Interview: Tom McLaren, head of campaigning, Action for Children

Kate Youde speaks to the children's charity's first head of campaigning about his role at the organisation

Tom McLaren
Tom McLaren

Tom McLaren became the children's charity's first head of campaigning last year after starting as an internal communications officer in 2006

- What do you enjoy about campaigning?

I really believe in what we do as an organisation. Our unique selling point is early intervention. I am completely and utterly sold on that as a central premise. It's also about finding creative ways of getting complex issues to the general public and other important stakeholders.

- What did you want to change?

To really establish the internal campaigning function. Until three to three-and-a-half years ago, we were almost entirely service-oriented and we took the decision to become a campaigning organisation.

- What is the biggest challenge in campaigning?

As is the case in the rest of the sector, the hardest challenge is going to be getting more for less; trying to squeeze every last drop out of what we've got. I believe that the age of blanket impersonal emails to MPs is over. MPs are now starting to find that wearing. And I think partnership working is going to be a really important thing, what with the recession, the cuts and other charities going to the wall.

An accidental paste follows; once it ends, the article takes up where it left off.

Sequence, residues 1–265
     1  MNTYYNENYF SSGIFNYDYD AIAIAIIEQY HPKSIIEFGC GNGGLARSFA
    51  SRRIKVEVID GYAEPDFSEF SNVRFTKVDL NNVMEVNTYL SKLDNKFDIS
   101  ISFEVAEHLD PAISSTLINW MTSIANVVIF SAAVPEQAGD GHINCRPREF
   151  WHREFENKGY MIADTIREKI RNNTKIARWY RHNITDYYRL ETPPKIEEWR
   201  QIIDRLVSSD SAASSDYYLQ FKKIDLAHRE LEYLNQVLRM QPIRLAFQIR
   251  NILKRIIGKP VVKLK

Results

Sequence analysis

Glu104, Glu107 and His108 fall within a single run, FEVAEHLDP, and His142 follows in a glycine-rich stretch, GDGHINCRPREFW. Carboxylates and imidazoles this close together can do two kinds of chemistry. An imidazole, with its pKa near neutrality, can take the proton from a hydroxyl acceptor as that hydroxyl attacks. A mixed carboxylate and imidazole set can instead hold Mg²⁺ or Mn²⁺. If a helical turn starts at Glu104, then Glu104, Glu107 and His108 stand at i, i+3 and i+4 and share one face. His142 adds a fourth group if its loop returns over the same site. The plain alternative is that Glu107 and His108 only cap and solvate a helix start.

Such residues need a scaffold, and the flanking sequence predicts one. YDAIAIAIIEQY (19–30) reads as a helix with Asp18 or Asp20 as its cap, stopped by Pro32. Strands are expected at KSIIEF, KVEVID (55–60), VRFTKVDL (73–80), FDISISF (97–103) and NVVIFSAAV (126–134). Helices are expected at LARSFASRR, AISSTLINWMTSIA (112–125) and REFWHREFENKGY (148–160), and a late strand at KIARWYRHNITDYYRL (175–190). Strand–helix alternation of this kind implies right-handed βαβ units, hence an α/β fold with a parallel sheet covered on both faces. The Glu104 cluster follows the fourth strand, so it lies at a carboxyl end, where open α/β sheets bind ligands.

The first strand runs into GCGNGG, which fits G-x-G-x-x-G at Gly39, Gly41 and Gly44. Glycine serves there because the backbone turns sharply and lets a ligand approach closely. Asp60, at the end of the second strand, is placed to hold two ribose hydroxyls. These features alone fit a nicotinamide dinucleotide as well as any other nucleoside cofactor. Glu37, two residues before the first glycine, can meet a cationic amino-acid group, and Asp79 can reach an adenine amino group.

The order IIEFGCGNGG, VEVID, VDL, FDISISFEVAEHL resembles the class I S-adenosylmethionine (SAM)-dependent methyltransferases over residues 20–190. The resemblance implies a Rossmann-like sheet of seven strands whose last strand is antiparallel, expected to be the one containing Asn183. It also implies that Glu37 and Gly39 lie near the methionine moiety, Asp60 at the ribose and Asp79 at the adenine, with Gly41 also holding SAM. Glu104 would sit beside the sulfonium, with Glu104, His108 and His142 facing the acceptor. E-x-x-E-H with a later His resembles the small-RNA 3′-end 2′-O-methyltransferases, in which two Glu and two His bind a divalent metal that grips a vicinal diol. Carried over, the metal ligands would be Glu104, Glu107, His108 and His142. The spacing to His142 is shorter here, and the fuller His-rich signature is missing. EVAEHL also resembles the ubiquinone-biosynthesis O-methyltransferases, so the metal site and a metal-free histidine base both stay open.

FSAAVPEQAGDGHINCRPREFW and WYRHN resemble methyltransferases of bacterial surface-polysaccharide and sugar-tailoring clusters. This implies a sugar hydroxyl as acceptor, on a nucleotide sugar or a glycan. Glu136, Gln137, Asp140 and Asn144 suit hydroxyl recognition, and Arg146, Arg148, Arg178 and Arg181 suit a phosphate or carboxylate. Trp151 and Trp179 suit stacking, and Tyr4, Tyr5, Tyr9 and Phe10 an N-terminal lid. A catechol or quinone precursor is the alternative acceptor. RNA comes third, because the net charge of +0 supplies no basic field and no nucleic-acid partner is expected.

- What advice would you give to people looking for a career in campaigning?

If you don't believe in what you are doing - if you don't have a passion - it makes it twice as hard. As a campaigner, you must be able to pass on that infection; you need to be able to drum up passion and support in other people.

- What has been the highlight of your career so far?

Action for Children organised a panel event, which was similar to the BBC's Question Time, called Step Inside Our Shoes. The event was about young people's views on gun and knife crime. It was part of an emotional wellbeing campaign that we organised called Growing Strong. We had five of our young people on the panel and in the audience were the great and the good. It still gives me goose pimples to this day to think about it.

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